# Problem Depot

Convex.jl has a submodule, `ProblemDepot`

which holds a collection of convex optimization problems. The problems are used by Convex itself to test and benchmark its code, but can also be used by solvers to test and benchmark their code. These tests have been used with many solvers at ConvexTests.jl.

ProblemDepot has two main methods for accessing these problems: `Convex.ProblemDepot.run_tests`

and `Convex.ProblemDepot.benchmark_suite`

.

For example, to test the solver SCS on all the problems of the depot except the mixed-integer problems (which it cannot handle), run

```
using Convex, SCS, Test
const MOI = Convex.MOI
@testset "SCS" begin
Convex.ProblemDepot.run_tests(; exclude=[r"mip"]) do p
solve!(p, MOI.OptimizerWithAttributes(SCS.Optimizer, "verbose" => 0, "eps_abs" => 1e-6))
end
end
```

## How to write a ProblemDepot problem

The problems are organized into folders in `src/problem_depot/problems`

. Each is written as a function, annotated by `@add_problem`

, and a name, which is used to group the problems. For example, here is a simple problem:

```
@add_problem affine function affine_negate_atom(handle_problem!, ::Val{test}, atol, rtol, ::Type{T}) where {T, test}
x = Variable()
p = minimize(-x, [x <= 0])
if test
@test vexity(p) == AffineVexity()
end
handle_problem!(p)
if test
@test p.optval ≈ 0 atol=atol rtol=rtol
@test evaluate(-x) ≈ 0 atol=atol rtol=rtol
end
end
```

The `@add_problem`

call adds the problem to the registry of problems in `Convex.ProblemDepot.PROBLEMS`

, which in turn is used by `Convex.ProblemDepot.run_tests`

and `Convex.ProblemDepot.benchmark_suite`

. Next, `affine`

is the grouping of the problem; this problem came from one of the affine tests, and in particular is testing the negation atom. Next is the function signature:

`function affine_negate_atom(handle_problem!, ::Val{test}, atol, rtol, ::Type{T}) where {T, test}`

this should be the same for every problem, except for the name, which is a description of the problem. It should include what kind of atoms it uses (`affine`

in this case), so that certain kinds of atoms can be ruled out by the `exclude`

keyword to `Convex.ProblemDepot.run_tests`

and `Convex.ProblemDepot.benchmark_suite`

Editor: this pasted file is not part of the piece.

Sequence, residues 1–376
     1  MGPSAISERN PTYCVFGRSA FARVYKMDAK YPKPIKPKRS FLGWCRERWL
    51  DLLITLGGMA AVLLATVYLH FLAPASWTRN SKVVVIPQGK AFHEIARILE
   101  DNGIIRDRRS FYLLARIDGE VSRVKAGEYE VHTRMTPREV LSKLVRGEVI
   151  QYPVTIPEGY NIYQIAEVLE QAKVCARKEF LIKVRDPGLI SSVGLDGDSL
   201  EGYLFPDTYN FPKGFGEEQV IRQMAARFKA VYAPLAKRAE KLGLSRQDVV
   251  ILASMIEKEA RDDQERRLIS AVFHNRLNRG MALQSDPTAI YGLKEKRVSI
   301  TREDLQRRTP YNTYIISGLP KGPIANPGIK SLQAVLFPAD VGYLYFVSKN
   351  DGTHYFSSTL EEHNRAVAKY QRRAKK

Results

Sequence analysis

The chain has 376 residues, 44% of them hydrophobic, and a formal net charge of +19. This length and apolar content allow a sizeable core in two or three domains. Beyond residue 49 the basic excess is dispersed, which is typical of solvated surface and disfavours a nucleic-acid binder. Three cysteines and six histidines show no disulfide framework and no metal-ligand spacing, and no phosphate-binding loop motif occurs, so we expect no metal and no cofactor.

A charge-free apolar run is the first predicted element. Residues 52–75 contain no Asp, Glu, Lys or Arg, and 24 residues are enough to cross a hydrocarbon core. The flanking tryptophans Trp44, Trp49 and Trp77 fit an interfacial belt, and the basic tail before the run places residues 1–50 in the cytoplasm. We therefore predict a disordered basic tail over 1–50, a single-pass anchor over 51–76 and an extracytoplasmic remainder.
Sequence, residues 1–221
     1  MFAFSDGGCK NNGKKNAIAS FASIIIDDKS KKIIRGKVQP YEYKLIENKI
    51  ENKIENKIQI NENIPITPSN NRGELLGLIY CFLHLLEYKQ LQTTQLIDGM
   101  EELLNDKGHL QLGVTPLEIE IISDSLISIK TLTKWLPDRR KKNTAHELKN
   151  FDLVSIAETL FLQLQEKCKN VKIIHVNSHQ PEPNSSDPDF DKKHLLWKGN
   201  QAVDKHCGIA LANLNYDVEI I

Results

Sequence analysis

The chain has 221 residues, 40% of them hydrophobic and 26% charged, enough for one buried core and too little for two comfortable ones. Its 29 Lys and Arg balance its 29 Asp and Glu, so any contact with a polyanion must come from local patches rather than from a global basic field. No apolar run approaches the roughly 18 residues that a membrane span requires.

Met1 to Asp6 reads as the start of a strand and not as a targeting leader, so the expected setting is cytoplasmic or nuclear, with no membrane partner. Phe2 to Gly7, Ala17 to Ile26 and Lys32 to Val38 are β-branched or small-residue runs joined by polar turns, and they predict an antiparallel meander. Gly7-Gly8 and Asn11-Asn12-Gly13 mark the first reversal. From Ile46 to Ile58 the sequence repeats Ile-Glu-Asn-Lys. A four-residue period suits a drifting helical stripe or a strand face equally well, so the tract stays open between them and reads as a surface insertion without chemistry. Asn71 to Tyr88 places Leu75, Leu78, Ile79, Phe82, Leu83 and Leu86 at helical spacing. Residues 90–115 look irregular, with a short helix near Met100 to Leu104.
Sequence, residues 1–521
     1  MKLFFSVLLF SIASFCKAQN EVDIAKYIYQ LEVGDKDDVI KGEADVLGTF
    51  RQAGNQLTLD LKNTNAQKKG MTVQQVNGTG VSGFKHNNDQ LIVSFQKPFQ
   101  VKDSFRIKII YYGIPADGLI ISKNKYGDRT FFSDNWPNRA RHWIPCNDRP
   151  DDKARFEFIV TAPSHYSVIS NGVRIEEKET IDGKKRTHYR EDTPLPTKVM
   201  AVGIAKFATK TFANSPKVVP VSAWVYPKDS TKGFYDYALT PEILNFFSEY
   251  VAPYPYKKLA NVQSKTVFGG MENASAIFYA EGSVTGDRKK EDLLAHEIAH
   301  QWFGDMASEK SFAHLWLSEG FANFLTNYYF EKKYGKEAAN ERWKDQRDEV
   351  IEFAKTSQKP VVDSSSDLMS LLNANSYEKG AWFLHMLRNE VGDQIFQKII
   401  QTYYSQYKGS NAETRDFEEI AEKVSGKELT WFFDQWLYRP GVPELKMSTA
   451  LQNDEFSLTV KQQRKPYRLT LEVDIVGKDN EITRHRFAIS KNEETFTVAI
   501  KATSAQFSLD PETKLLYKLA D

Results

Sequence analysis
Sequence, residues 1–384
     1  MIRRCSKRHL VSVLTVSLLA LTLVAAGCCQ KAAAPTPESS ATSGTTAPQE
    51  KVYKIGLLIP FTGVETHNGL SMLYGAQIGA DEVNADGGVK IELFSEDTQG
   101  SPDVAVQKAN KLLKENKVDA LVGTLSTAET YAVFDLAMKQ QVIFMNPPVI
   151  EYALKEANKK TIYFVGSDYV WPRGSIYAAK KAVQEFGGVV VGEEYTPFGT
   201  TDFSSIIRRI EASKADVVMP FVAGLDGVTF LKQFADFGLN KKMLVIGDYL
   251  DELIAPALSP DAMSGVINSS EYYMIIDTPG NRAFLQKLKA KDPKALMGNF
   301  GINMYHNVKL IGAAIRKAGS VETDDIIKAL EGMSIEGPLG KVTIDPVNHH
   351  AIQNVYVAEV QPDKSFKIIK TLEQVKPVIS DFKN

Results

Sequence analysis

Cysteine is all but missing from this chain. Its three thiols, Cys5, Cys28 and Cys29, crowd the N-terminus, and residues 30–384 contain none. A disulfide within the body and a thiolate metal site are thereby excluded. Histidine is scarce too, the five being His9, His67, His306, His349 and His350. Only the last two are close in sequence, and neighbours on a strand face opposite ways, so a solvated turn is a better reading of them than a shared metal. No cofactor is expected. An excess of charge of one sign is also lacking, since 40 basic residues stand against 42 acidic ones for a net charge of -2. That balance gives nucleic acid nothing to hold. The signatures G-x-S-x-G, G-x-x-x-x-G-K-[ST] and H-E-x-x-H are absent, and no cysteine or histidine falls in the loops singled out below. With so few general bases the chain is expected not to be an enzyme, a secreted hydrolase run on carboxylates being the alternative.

; for example, many solvers cannot solve mixed-integer problems, so `mip`

is included in the name of such problems.

Then begins the body of the problem. It is setup like any other Convex.jl problem, only `handle_problem!`

is called instead of `solve!`

. This allows particular solvers to be used (via for example, choosing `handle_problem! = p -> solve!(p, solver)`

), or for any other function of the problem. Tests should be included and gated behind `if test`

blocks, so that tests can be skipped for benchmarking, or in the case that the problem is not in fact solved during `handle_problem!`

.

The fact that the problems may not be solved during `handle_problem!`

brings with it a small complication: any command that assumes the problem has been solved should be behind an `if test`

check. For example, in some of the problems, `real(evaluate(x))`

is used, for a variable `x`

; perhaps as

```
x_re = real(evaluate(x))
if test
@test x_re = ...
end
```

However, if the problem `x`

is used in has not been solved, then `evaluate(x) === nothing`

, and `real(nothing)`

throws an error. So instead, this should be rewritten as

```
if test
x_re = real(evaluate(x))
@test x_re = ...
end
```

## Benchmark-only problems

To add problems for benchmarking without tests, place problems in `src/problem_depot/problems/benchmark`

, and include `benchmark`

in the name. These problems will be automatically skipped during `run_tests`

calls. For example, to benchmark the time it takes to add an SDP constraint, we have the problem

```
@add_problem constraints_benchmark function sdp_constraint(handle_problem!, args...)
p = satisfy()
x = Variable(44, 44) # 990 vectorized entries
push!(p.constraints, x ⪰ 0)
handle_problem!(p)
nothing
end
```

However, this "problem" has no tests or interesting content for testing, so we skip it during testing. Note, we use `args...`

in the function signature so that it may be called with the standard function signature

`f(handle_problem!, ::Val{test}, atol, rtol, ::Type{T}) where {T, test}`